Imagine if you accidentally read both the Christian Bible and the Koran! Or the Book of Mormon!  Your head might explode from the contradictory yet unquestionably correct truth-claims!

But wait!  There’s more. It turns out that

“Even more serious is the bullying way McSwain asserts that the Bible obviously has errors:

As we have it, no matter what translation you favor, the Bible is replete with errors. To pretend otherwise is your right. To say otherwise is a lie. You are entitled to your opinions, your assumptions, even your beliefs. What you are not entitled to is a misrepresentation of the facts.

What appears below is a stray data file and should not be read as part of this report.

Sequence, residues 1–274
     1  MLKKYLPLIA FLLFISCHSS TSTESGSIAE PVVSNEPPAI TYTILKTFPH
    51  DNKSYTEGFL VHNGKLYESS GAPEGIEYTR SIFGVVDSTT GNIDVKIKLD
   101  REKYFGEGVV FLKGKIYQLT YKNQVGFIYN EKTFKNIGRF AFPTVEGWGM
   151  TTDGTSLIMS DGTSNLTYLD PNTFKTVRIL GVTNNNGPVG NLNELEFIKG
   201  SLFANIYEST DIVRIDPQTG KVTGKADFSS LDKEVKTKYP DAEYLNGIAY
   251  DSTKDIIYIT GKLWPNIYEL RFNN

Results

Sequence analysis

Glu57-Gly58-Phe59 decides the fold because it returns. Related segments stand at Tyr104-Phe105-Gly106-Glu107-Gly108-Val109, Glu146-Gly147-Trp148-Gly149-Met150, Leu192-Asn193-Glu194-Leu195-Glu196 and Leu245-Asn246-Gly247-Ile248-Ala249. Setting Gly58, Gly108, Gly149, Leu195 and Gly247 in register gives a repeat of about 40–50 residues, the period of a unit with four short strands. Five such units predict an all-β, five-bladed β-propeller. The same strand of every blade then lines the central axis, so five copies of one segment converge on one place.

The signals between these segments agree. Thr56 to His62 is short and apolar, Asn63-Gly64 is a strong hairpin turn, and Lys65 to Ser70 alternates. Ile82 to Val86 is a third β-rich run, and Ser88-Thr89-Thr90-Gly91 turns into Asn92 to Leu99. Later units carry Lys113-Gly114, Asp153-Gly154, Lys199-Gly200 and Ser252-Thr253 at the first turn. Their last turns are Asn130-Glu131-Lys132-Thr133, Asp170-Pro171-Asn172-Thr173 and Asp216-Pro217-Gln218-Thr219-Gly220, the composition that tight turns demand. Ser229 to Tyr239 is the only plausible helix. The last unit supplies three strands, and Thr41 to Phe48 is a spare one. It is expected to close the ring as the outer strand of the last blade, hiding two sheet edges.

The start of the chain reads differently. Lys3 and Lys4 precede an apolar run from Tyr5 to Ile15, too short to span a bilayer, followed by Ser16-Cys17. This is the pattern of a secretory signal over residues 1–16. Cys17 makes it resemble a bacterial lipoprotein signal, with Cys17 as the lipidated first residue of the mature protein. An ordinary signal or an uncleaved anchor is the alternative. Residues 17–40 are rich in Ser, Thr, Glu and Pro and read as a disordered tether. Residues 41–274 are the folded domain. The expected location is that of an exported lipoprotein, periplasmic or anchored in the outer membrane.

This is the classic technique of the rhetorical bully: assume that your position is obviously true and then berate your opponents for their bad faith…”


Gosh.  I wouldn’t want to just assume that my position was true!  I’m glad Mr Julian mentioned that that was a bad idea!

The trouble is that the Bible IS full of discrepancies.

Some of them are small discrepancies.  Many of them involve numbers, and so probably could be explained as scribal errors.

My personal favorite is the difference between 2 Samuel 24:1 and I Chronicles 2 1:1. David was enticed to count his fighting men, an action for which God punished him by massacring his people.  Samuel says God enticed him to do this.  Chronicles says Satan enticed him.

Not much difference, though, eh?

Then there are the large discrepancies.

Like how God says in Exodus 20:5